A Service of Rememberance
To honour British, Russian and Allied Veterans of the Second World War
Monday 5th May
The Great Hall Manchester Town Hall




Mr Mc Neill and Mrs Mc Neill holding aloft the Arctic Star award Medal presented to the veterans of The Arctic Convoys 70 years ago. Mr Mc Neill is accompanied by his two grandsons,military members of the Russian Federation and Commander Janet Evans Deputy Lieutenant of Greater Manchester who presented The Artic Star Medal.


Bugler prepares to play The Last Post as standard bearers stand to attention.
Mr Mc Neill delivered the Exhortation

They shall grow not old, as we that are left grow old
Age shall not weary them, nor the years condem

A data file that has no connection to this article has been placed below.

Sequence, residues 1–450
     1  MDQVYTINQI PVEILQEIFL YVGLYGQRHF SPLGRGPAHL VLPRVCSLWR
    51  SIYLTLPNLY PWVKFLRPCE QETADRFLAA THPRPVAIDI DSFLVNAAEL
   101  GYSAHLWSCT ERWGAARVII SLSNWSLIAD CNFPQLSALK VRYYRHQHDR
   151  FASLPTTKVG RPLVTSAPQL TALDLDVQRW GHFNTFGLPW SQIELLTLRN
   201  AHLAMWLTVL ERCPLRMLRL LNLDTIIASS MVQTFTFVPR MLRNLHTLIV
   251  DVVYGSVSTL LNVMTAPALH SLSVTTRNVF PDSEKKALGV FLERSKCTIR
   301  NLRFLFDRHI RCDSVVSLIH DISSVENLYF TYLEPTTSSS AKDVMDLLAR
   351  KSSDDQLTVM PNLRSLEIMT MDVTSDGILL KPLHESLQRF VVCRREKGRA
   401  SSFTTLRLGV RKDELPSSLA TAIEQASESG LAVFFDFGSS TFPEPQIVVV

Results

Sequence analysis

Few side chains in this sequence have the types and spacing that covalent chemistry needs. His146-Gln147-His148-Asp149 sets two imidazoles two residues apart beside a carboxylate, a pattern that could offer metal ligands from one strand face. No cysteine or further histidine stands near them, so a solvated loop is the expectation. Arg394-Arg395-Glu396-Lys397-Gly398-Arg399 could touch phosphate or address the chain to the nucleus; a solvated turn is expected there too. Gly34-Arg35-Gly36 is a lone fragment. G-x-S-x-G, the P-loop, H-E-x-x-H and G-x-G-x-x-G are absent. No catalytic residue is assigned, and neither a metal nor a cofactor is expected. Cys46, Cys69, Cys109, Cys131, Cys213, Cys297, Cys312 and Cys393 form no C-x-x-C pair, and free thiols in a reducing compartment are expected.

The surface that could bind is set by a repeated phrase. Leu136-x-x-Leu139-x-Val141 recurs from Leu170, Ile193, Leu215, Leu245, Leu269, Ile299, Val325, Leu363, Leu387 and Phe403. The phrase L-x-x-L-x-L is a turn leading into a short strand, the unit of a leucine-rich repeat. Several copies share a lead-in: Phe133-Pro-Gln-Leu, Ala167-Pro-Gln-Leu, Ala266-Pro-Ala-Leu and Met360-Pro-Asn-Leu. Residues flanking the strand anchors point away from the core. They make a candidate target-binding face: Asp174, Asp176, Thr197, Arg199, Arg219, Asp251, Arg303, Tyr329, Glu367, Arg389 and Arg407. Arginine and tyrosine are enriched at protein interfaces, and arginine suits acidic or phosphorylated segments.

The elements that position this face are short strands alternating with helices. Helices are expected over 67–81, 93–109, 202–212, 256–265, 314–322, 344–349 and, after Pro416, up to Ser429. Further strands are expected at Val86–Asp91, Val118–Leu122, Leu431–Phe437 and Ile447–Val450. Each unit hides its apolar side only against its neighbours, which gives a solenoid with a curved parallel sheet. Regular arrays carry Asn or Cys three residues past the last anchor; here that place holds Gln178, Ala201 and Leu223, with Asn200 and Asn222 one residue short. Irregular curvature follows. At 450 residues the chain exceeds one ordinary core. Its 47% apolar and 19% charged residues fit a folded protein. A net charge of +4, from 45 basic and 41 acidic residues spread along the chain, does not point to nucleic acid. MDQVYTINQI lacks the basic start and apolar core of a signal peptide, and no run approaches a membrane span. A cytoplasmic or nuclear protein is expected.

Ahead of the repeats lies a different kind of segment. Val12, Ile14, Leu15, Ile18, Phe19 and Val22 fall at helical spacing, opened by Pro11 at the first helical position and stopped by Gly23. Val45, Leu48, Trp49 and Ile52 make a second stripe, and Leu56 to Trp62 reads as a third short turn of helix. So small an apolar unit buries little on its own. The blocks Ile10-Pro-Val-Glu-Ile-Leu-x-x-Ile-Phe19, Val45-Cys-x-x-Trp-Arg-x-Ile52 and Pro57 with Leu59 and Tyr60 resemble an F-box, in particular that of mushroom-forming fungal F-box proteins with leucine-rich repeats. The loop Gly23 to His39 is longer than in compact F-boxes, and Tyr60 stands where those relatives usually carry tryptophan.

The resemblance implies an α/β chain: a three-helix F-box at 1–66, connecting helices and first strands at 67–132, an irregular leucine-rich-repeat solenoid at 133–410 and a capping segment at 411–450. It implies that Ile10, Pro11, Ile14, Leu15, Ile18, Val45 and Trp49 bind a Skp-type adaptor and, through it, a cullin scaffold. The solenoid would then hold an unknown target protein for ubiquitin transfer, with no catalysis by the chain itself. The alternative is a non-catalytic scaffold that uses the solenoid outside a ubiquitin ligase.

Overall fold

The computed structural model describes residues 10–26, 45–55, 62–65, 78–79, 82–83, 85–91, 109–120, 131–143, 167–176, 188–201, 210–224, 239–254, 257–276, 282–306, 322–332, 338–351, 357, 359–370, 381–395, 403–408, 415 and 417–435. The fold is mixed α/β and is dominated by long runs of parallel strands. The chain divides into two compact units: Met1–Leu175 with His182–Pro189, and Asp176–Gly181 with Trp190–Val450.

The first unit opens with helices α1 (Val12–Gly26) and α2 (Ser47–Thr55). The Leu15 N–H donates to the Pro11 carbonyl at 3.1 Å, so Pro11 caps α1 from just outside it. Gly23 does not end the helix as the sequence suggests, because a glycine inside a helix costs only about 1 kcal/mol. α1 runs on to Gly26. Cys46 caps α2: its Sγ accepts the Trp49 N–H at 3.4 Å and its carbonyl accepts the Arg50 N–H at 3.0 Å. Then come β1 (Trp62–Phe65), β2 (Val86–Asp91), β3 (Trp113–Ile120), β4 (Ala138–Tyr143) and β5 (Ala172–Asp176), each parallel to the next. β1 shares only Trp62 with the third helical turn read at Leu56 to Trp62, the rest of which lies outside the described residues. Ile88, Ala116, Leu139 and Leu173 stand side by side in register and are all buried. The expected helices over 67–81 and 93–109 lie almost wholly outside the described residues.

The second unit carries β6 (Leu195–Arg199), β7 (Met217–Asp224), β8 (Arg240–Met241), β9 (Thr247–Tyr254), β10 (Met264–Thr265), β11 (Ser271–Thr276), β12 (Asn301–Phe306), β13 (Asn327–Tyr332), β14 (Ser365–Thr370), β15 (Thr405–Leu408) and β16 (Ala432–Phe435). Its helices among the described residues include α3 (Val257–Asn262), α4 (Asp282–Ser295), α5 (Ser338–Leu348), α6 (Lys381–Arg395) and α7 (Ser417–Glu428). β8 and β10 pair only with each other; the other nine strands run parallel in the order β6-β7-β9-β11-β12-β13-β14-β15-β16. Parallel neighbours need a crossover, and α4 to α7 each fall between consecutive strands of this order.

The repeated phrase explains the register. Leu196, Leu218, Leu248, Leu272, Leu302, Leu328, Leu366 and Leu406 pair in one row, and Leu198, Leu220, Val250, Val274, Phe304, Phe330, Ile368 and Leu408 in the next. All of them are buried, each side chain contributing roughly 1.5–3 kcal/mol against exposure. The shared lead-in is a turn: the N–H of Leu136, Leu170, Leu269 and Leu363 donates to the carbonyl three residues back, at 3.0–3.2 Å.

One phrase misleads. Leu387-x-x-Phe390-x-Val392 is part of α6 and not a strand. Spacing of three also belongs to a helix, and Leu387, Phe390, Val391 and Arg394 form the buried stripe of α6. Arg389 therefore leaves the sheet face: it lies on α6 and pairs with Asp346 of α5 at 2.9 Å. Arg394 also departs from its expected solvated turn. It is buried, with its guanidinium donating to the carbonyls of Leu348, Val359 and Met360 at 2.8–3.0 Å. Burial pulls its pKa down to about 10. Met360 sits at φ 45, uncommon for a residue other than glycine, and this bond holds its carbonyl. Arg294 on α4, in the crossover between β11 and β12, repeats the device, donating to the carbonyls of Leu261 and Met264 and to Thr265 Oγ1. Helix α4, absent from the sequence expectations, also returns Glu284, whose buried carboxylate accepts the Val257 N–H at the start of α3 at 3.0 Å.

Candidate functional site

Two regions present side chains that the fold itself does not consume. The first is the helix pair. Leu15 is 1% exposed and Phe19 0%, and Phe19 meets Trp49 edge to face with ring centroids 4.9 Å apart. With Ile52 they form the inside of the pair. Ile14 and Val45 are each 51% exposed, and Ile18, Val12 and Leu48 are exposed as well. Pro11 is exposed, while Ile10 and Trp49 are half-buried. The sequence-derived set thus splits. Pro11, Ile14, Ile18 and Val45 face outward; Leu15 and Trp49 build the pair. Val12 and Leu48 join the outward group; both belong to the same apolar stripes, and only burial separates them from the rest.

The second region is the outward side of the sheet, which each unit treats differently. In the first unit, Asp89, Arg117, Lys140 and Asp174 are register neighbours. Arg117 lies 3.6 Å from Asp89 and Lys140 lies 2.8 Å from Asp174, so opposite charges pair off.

At the going down of the sun and in the morning

We will remember them.

Mr Mc Neill saw active service with The Royal Navy throughout The Second World war.He braved the perils and dangers of convoy escort first in The Medditerranean to Malta,then to Arctic Russia and finally as protective cover during The Normandy Landings.

Through arctic seas seventy eight convoys from britain to Northern Russia brought The Soviet Union the lifeline it needed to fight off The Nazis.
Some of the ships that left Britain never came back.The British faced continued German attacks from the air and the sea and 3000 men died as a result.The supplies that arrived kept millions of Russian people alive.British planes flown by Russians repelled the approaching German Army.Many people who grew up in The soviet Union during the war still remember eating British food – handed out in rations without which many would have perished.

In Russia the importance of The Arctic Convoys have never been forgotton, Britain the only ally to provide desperate assistance, which swung the balance on The Eastern Front.

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